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Battle for the boat basin
Nanaimo Port Authority’s CEO and president Bernie Dumas cited a changing business model and financial loss as contributing factors behind a 30-year lease agreement with Pacific Northwest Marina Group to redevelop the harbour.
But the agreement, which has raised the ire of several stakeholder groups in Nanaimo, ensures the marina is being developed for the community without a dime out of the taxpayer’s pocketbook, he said.
The Nanaimo Port Authority is the federal agent responsible for the administration of the harbour, waters and foreshore of Georgia Strait in an area adjacent to Nanaimo. It operates as a small business and as such, does not receive subsidies from the government.
Dumas said the marina has been losing money for several years – approximately $230,000 in 2010 and another $180,000 in 2011 – facilitating the need for change.
For some time, the port authority has voluntarily subsidized the commercial fishing fleet, which has been slowly eroding, Dumas said.
“Back in the late ’90s, there were 50-60 commercial fishing boats in the marina. As of this week, there’s 17,” he said.
Based on their new business model, and due to pressure from other marina occupants to be fair, the port authority will no longer be offering those subsidies.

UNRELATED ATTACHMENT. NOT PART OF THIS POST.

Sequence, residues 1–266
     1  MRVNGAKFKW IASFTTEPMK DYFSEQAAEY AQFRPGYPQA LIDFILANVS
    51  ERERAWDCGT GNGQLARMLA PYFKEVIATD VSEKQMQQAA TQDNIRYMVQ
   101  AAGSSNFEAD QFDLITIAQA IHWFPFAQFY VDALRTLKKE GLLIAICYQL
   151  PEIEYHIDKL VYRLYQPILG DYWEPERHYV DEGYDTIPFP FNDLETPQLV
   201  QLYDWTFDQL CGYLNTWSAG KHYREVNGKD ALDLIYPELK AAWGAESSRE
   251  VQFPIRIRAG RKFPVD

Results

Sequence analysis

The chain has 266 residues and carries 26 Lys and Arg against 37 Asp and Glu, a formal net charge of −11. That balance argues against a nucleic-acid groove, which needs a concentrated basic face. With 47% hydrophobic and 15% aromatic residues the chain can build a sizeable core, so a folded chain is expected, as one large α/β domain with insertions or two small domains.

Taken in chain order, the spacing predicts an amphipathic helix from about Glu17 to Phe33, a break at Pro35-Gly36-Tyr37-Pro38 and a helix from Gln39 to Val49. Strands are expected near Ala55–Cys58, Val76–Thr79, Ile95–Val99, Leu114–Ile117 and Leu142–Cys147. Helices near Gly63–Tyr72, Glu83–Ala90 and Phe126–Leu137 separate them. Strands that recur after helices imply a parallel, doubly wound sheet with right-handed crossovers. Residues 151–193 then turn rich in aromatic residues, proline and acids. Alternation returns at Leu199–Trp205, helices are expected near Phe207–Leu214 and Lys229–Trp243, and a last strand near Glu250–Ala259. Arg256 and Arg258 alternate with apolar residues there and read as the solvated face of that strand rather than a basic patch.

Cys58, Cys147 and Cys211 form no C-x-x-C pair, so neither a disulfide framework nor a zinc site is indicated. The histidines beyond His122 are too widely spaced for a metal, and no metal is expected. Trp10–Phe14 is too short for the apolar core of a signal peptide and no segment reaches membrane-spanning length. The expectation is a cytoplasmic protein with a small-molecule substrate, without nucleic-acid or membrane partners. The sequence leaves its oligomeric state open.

“The Port of Nanaimo is the gateway for cargo and freight … it was created as one of the 18 port authorities across Canada to assist companies, exporters and importers, to move their goods, and the port is really focusing on that aspect and that will produce, hopefully, as we increase the volume of business, new opportunities, employment, relocating companies to Nanaimo to manufacture goods,” Dumas said. “We’re focusing our efforts for the future on those activities.”
Those efforts, along with PNMG’s proposal, fall in line with the port’s Path 2025 strategic plan, which calls for commercial and transportation upgrades and modernization over the next decade, Dumas said.
Pacific Northwest Marina Group has said its $9-million investment into the downtown marina will provide vital upgrades to the aging 4.5-hectare marina, which would include replacing creosote piling with steel piles and wood floats with concrete finger slips, a second walkway on the water and a venue for seasonal events.
The company has stated that the change will increase public and recreational boater access, and up moorage capacity by 40 per cent.
“It’s going to be brand new and very high tech and environmentally friendly,” Dumas said. “There’s going to be a stronger economic impact because there’s going to be more activity in that area … That means there’s going to be more opportunities.”
Those words hold little assurance for Michelle Corfield, spokeswoman of a Nanaimo coalition of citizens concerned about privatization of the harbour.
The coalition has been supported by local residents and marina stakeholders such as commercial fishermen, Protection Island residents and Snuneymuxw First Nation members.
Protection Island residents asked for reassurance of continued access to the boat basin, while the commercial fishers say they will not be able to afford the cost of private moorage. They are also concerned that offloading facilities will be moved to the Assembly Wharf, where there will be no access to a crane.
According to information provided by Corfield, there are about 40 commercial fishing boats that use the Nanaimo harbour and another 30 that moor elsewhere. Additionally, there is a large transient component that offload, stage or re-supply in Nanaimo. Approximately 300 Nanaimo residents work full-time as commercial fishers, Corfield said.